The Westmont women’s basketball team enjoyed the downtown experience against visiting Life Pacific on Tuesday night.
Behind 15 3-pointers, the Warriors cruised to a 76-57 victory over a team with the same nickname. Westmont finished an impressive 40.5% (15 of 37) from beyond the arc.
Guards Lauren Tsuneishi and Iyree Jarrett, along with forward Gabriella Stoll each finished with three 3-pointers in the game.
“When your average height is 5-foot-5, you’ve got to find a way to be successful. I think the two things for us are just how hard we play, the hustle and the heart we play with, and our ability to shoot the ball,” Westmont coach Kirsten Moore said.
“We also take care of the ball. We lead the nation (in the National Association of Intercollegiate Athletics) in 3-point shooting, and we lead the nation in assists-to-turnover ratio. Those are really the keys to us being able to find success.”
It wasn’t hard for the Warriors to find success against a Life Pacific team that entered with a 5-17 overall record and a 1-11 mark in the Golden State Athletic Conference.
After Maud Ranger gave Westmont a 4-2 lead with a short jumper at the 8:32 mark of the first quarter, the Warriors never trailed again. While Ranger only had five points, she corralled a game-high 13 rebounds. Sophomore center Kaitlin Larson had a double-double of 14 points and 11 rebounds, while Stoll finished with 15 points off the bench. Even Larson, who doesn’t shoot a lot of 3-pointers, finished 1-for-1 from beyond the arc.
“All of them have the green light (to shoot) for sure,” Moore said with a smile. “They’ve all earned the right to have the green light. They can really shoot the ball. They work a lot on it where they’re dialed in.
“They have the right to shoot, and they do so with a lot of confidence.”
Life Pacific didn’t pose a height issue for Westmont like a lot of other teams do. Westmont’s two tallest players are 6-foot.
But as the Warriors (20-3 overall, 13-1 Golden State Athletic Conference) proved once again on Tuesday night, what they lack in height, they make up for with pure hustle at both ends of the floor. Life Pacific found that out the hard way, as the visiting Warriors were completely dominated in all facets of the game — including rebounding, where Westmont finished with a 44-30 advantage.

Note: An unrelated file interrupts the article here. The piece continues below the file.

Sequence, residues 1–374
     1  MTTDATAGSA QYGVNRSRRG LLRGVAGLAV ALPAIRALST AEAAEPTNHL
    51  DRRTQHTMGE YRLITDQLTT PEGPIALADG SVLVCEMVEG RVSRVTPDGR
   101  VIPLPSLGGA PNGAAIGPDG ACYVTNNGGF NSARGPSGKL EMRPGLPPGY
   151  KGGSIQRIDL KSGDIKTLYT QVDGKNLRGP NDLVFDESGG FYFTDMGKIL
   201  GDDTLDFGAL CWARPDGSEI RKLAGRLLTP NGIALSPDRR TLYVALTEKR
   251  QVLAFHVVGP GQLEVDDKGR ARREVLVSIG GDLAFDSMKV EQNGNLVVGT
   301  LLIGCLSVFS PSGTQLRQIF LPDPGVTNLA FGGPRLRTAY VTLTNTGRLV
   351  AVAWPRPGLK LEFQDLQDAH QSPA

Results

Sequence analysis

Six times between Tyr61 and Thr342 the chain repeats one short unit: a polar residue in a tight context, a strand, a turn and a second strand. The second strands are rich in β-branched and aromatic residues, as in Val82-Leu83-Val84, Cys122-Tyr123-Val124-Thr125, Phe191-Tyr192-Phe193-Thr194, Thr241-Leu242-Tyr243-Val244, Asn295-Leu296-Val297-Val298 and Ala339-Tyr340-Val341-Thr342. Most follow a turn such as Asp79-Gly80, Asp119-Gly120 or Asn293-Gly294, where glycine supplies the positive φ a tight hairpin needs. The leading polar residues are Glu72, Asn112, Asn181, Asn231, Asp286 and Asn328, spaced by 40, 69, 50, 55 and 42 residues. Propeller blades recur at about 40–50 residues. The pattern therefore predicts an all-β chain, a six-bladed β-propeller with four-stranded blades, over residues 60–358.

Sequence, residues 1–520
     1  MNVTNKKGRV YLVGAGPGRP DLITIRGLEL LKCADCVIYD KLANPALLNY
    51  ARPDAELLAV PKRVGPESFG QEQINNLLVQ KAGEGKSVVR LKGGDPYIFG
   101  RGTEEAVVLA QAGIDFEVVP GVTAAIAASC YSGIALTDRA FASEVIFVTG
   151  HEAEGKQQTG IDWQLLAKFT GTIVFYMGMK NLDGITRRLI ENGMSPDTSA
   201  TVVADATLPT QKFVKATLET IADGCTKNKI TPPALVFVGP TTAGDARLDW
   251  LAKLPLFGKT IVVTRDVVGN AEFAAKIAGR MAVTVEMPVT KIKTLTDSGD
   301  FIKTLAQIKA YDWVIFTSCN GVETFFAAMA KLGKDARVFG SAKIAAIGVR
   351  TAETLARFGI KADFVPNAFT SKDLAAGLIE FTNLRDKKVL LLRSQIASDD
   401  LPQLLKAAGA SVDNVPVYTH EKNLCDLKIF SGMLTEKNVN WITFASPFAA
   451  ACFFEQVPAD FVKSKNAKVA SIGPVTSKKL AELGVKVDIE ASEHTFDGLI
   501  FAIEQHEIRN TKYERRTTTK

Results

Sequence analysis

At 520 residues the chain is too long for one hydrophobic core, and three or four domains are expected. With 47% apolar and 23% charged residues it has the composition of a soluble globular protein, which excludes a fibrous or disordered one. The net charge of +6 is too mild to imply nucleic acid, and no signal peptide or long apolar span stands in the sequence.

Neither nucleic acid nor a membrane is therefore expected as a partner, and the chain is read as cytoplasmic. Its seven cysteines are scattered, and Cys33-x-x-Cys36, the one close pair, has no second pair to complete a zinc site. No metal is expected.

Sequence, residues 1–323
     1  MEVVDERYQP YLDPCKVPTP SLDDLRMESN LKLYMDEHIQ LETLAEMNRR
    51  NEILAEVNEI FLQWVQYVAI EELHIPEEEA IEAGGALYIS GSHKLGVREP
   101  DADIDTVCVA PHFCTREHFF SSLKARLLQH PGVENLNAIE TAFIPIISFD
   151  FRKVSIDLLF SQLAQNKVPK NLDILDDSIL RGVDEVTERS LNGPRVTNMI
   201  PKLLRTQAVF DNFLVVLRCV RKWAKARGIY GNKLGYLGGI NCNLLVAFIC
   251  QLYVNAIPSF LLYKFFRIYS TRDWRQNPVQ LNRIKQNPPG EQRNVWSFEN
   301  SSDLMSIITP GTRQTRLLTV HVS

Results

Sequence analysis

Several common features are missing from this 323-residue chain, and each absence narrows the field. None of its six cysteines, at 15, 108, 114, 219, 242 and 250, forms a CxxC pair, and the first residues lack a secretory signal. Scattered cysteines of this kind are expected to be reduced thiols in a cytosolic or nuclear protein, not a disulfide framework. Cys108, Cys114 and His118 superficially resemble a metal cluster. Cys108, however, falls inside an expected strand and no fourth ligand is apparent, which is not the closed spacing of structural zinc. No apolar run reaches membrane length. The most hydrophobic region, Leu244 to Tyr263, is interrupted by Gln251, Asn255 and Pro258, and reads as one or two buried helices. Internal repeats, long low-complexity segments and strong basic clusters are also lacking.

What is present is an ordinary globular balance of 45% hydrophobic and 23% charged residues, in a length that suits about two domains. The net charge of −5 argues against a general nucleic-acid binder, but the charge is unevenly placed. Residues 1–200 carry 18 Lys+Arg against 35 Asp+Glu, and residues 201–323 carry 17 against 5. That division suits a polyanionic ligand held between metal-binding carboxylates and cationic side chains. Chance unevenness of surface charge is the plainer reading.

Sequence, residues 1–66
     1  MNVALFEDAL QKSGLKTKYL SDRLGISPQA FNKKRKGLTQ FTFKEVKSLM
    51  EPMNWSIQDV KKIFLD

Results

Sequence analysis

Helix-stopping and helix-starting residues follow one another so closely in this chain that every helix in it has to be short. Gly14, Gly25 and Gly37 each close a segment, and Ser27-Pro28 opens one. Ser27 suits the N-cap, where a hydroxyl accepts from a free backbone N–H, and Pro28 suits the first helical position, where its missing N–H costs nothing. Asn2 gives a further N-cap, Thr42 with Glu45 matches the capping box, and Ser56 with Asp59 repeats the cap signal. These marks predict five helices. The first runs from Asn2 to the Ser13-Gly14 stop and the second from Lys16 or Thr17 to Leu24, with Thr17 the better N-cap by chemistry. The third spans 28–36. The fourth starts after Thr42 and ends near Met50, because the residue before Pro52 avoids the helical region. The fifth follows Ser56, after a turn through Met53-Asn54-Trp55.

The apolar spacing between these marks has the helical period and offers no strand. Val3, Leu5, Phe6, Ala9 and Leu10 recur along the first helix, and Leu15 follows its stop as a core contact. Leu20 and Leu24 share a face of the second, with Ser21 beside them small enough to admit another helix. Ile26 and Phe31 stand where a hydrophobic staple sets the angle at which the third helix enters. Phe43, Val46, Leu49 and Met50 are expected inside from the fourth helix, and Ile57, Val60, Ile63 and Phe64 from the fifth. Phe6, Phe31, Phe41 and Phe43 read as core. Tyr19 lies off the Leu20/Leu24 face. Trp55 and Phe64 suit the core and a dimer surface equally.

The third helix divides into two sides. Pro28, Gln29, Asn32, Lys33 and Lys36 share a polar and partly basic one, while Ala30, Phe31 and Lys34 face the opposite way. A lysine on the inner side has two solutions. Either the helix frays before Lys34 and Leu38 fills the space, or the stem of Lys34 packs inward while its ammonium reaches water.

“Defensively, I think we’ve had to get really creative this year just because of our size,” Moore said. “Tonight, we weren’t undersized against our opponent, but most of our opponents are much bigger than us, so we’ve just got to get really creative, defensively.
“We’ve also had to have big-time efforts on the boards. We saw my little 5-foot girls getting in there and getting all those offensive rebounds, and that’s been a big key for us this season, as well.”
Westmont had 19 offensive rebounds compared to four for Life Pacific.
Jarrett, who is a sophomore, did an outstanding job again running the point for the Warriors.
She finished with 11 points, seven assists and two blocked shots.
“I definitely take more pride in my assists,” she said with a smile. “I think our team is so unique in that we have great shooters, great posts inside, and so being able to hit them with passes, and then watch them creatively finish, is really enjoyable for me.”
Krissy Miyahara, like Jarrett, also finished with 11 points. Miyahara came off the bench to hit three 3-pointers for the Warriors, who led 39-24 at halftime.
Westmont finished 27 of 67 (40.3%) from the field and 7-for-14 (50%) from the free-throw line. The Warriors also committed only seven turnovers compared to 12 for Life Pacific. Westmont held an 18-3 edge in points off of turnovers.